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Long-Term Care Push

The following is an excerpt from an article which appeared in the April 20, 1998 edition of Business Insurance:

Long-Term Care Push

By Robert Kazel

Denver—Calling the problem a "ticking financial time bomb," the Colorado association that provides retirement benefits to state employees is urging its members and retirees to purchase long-term care insurance. 

The Public Employees' Retirement Assn., which administers benefits to 150,000 active state workers and 52,000 retirees, said paying a comparatively small, out-of-pocket monthly premium is the best way workers, retirees or their relatives can be assured of a safety net if they become ill, injured, or incapacitated for an extended time. PERA's affiliated plan sponsors include state government, state universities, the judicial system, and all school districts outside Denver. 

PERA opened the LTC enrollment period Jan. 1 and was to close it April 30, but the board is likely to extend the deadline at least an additional month, said Renae McKenny, director of insurance programs. The next open enrollment period will not come until the year 2000. 

"We expect this last month to have the onslaught," she said. About 40,000 people have sent in requests for information, she said.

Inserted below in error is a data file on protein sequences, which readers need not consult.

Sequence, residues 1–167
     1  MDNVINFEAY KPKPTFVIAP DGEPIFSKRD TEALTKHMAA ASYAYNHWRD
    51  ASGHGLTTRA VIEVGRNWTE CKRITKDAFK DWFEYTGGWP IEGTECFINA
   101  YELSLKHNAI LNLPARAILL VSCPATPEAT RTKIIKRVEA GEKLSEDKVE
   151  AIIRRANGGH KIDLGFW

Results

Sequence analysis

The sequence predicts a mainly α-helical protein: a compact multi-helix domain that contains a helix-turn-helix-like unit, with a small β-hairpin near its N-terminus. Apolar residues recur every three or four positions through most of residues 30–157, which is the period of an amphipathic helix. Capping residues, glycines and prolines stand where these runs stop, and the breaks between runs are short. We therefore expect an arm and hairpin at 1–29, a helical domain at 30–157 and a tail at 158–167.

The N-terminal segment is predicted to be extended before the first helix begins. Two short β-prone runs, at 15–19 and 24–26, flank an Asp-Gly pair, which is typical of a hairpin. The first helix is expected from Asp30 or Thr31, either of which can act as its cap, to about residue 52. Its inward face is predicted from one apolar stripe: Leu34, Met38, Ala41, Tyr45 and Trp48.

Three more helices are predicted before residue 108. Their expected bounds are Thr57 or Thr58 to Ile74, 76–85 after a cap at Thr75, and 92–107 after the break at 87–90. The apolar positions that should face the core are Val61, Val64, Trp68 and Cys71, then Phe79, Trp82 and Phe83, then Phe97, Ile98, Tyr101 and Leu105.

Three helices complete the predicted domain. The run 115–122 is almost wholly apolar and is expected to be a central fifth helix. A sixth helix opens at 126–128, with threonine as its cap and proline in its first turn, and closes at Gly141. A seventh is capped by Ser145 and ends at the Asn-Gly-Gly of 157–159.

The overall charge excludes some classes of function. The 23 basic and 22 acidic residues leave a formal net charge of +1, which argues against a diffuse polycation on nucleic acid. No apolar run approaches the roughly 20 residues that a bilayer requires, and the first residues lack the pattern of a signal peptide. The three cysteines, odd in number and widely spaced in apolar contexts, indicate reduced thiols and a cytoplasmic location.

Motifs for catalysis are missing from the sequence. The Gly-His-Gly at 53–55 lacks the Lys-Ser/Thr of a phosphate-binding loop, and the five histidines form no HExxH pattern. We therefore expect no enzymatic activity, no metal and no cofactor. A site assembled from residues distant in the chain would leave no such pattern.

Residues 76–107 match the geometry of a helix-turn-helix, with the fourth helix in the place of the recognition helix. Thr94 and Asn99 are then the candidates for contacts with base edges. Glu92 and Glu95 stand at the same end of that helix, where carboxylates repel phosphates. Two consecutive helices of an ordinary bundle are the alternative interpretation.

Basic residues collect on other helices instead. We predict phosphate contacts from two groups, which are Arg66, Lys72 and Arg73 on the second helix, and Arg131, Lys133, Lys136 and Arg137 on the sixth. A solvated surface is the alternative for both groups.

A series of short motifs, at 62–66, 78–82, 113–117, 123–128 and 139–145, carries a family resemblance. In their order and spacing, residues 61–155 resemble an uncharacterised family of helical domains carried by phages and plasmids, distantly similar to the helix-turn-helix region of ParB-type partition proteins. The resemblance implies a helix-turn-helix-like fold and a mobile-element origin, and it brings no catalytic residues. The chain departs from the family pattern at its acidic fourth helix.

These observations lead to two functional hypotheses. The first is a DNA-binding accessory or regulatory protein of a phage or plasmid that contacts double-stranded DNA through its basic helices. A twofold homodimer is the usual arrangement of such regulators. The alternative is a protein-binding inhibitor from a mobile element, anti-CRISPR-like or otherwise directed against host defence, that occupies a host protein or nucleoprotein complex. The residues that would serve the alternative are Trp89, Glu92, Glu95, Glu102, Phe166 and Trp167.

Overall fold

The program, in addition to being open to employees and retirees, is available to spouses, parents, parents-in-law, grandparents and grandparents-in-law. It is designed to address the needs of those who become unable to perform activities of daily living such as dressing, eating, toileting and bathing. Though usually associated with those near retirement or the elderly, it is being promoted to the young and the old alike. 

The individual pays the full premium, Ms. McKenny said. The program is being managed by Santa Monica, Calif.-based U.S. Care Inc. and is being underwritten by Rochester, N.Y.-based MedAmerica Insurance Co. 

PERA said the average cost for a one-year stay in a Colorado nursing home is $42,000, and plan participants and their families end up paying more than half of all long-term costs. 

The program pays a lifetime maximum of $110,000 to $350,000 depending on which one of three plans is selected. The cost also depends on age. For example, a worker who is 24 who chooses a basic plan would pay only $5 a month, while a 70-year-old retiree opting for the same benefits—nursing home and home health care—would pay $130 a month. 

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